England in the great wave of migration following the Norman Conquest of 1066. It is based on the short forms of various Germanic personal names containing the element Ragin, meaning counsel. It it thought that the name could also have been derived from Rennes, in Brittany. CITATION[CLOSE]
Lowe, Mark Anthony, Patronymica Britannica, A Dictionary of Family Names of the United Kingdom. London: John Russel Smith, 1860. Print. However, not all of the family joined the Conqueror as seen by the listing of Warenger Raine in Normandy (1180-1195.) CITATION[CLOSE]
The Norman People and Their Existing Descendants in the British Dominions and the United States Of America. Baltimore: Genealogical Publishing, 1975. Print. (ISBN 0-8063-0636-X)
Early Origins of the Raim family
Essex where Roger Rayne was granted lands at Rayne as companion in arms of William the Conqueror. Other early spellings of the name include De Raines and Raneis. CITATION[CLOSE]
Lowe, Mark Anthony, Patronymica Britannica, A Dictionary of Family Names of the United Kingdom. London: John Russel Smith, 1860. Print.
The Hundredorum Rolls of 1273 list the following: Alice Reine in Cambridgeshire; John Reyn and Nicholas Reyn in Lincolnshire; Robert de Rennes in Oxfordshire; and Richard de Rennes. The Yorkshire Poll Tax Rolls of 1379 lists: Robert Rayne; Johannes Rayne; Richard Rayneson; and William Rayne. CITATION[CLOSE]
Early History of the Raim family
Another 200 words (14 lines of text) covering the years 1150 and 1280 are included under the topic Early Raim History in all our PDF Extended History products and printed products wherever possible.
Raim Spelling Variations
spelling variations are common among many Anglo-Norman names. The shape of the English language was frequently changed with the introduction of elements of Norman French, Latin, and other European languages; even the spelling of literate people's names were subsequently modified. Raim has been recorded under many different variations, including Raines, Raine, Rayne and others.
Early Notables of the Raim family (pre 1700)
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Migration of the Raim family to Ireland
Some of the Raim family moved to Ireland, but this topic is not covered in this excerpt.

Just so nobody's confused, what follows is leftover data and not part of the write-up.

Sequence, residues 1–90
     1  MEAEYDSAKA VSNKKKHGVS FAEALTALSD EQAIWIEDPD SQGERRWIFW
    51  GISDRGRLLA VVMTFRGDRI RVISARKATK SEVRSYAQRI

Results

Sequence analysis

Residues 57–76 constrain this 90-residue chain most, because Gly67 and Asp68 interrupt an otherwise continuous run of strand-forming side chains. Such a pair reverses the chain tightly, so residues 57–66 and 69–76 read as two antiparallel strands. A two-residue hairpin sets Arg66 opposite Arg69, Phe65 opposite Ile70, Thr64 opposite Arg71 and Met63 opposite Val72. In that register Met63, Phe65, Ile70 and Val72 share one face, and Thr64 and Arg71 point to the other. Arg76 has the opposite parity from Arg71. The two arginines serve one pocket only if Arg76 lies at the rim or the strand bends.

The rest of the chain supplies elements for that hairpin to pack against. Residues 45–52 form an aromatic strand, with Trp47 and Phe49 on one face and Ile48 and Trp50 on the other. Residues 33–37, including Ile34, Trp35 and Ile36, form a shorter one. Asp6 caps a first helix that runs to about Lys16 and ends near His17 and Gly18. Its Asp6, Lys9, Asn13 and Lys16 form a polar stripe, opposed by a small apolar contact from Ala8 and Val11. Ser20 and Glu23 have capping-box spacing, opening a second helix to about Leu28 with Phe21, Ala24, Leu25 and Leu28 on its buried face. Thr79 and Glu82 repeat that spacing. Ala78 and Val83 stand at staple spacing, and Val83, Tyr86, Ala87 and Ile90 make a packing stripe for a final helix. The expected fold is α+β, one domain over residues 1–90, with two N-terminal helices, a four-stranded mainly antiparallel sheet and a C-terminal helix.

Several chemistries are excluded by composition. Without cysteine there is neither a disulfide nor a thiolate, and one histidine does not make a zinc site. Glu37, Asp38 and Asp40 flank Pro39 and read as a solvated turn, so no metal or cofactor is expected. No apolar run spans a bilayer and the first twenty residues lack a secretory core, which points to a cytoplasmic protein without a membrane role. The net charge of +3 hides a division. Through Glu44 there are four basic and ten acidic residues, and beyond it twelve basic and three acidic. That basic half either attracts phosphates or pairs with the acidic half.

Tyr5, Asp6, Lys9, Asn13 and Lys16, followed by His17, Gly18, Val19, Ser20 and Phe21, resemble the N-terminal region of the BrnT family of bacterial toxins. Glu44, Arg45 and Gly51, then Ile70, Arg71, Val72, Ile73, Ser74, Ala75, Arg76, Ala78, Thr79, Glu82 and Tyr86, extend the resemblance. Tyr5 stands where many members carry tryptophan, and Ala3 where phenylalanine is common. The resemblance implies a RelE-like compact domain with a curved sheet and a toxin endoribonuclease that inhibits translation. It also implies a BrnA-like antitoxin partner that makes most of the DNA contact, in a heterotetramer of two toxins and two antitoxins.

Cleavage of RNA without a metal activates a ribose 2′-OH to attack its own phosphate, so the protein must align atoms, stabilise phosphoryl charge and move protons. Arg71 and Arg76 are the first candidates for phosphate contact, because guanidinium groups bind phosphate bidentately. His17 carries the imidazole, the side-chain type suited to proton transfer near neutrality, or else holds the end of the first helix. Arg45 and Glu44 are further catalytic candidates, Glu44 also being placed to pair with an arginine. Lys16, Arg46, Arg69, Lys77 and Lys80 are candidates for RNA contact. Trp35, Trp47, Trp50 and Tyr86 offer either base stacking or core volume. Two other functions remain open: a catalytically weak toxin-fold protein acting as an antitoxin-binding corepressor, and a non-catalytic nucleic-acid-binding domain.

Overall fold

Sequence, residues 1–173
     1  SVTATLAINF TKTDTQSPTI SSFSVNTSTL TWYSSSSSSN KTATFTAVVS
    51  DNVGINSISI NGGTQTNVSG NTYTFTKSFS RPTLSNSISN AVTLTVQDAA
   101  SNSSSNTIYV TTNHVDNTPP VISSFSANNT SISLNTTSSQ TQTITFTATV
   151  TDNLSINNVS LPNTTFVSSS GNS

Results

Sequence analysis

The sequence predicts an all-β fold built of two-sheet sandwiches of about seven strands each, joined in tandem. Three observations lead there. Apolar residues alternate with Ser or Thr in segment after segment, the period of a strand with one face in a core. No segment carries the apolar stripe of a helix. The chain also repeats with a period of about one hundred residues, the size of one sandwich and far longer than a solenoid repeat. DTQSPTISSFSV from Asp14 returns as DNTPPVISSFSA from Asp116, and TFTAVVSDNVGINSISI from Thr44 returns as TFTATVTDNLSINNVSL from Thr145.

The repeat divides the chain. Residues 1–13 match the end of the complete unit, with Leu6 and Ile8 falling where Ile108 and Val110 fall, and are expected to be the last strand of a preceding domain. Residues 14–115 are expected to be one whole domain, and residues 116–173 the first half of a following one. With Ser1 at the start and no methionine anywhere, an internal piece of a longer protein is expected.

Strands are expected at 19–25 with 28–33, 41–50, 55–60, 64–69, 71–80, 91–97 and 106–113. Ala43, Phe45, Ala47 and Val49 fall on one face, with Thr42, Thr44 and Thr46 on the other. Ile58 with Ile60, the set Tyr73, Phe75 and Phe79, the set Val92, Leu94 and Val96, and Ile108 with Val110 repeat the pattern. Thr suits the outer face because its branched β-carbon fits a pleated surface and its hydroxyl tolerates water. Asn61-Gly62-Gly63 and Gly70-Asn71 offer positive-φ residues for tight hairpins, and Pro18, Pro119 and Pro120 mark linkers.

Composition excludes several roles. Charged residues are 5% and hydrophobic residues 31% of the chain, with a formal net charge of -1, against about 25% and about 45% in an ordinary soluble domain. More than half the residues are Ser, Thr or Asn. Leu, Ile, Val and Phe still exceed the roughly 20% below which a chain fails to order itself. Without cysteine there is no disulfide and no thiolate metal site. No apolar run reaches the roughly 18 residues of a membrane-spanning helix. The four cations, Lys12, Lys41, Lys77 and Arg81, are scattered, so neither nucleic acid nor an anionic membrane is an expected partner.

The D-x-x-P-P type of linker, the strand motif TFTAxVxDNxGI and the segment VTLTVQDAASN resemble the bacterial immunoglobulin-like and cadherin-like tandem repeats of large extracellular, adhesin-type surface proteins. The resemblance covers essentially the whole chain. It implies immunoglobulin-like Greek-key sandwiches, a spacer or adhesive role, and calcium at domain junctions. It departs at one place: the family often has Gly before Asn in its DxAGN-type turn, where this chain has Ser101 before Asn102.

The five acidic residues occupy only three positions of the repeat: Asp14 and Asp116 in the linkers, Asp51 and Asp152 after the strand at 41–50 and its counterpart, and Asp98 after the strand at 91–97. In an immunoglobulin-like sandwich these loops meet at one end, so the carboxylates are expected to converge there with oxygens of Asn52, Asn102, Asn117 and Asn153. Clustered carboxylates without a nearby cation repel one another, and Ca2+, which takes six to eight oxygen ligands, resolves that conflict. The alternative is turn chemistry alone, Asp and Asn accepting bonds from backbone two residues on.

Another 74 words (5 lines of text) about their life in Ireland is included in all our PDF Extended History products and printed products wherever possible.
Migration of the Raim family to the New World and Oceana
To escape the uncertainty of the political and religious uncertainty found in England, many English families boarded ships at great expense to sail for the colonies held by Britain. The passages were expensive, though, and the boats were unsafe, overcrowded, and ridden with disease. Those who were hardy and lucky enough to make the passage intact were rewarded with land, opportunity, and social environment less prone to religious and political persecution. Many of these families went on to be important contributors to the young nations of Canada and the United States where they settled. Raims were some of the first of the immigrants to arrive in North America: Andrew, Roland, and Sarah Rayne, who all came to Virginia in 1635; Francis Raines, who arrived in Barbados in 1657; Robert Raines, who arrived in Barbados in 1679.
Contemporary Notables of the name Raim (post 1700)
The Raim Motto
The motto was originally a war cry or slogan. Mottoes first began to be shown with arms in the 14th and 15th centuries, but were not in general use until the 17th century. Thus the oldest coats of arms generally do not include a motto. Mottoes seldom form part of the grant of arms: Under most heraldic authorities, a motto is an optional component of the coat of arms, and can be added to or changed at will; many families have chosen not to display a motto.
Motto: Judicium parium aut leges terrae
Motto Translation: The judgement of my peers, or the laws of the land.
Raim Family Crest Products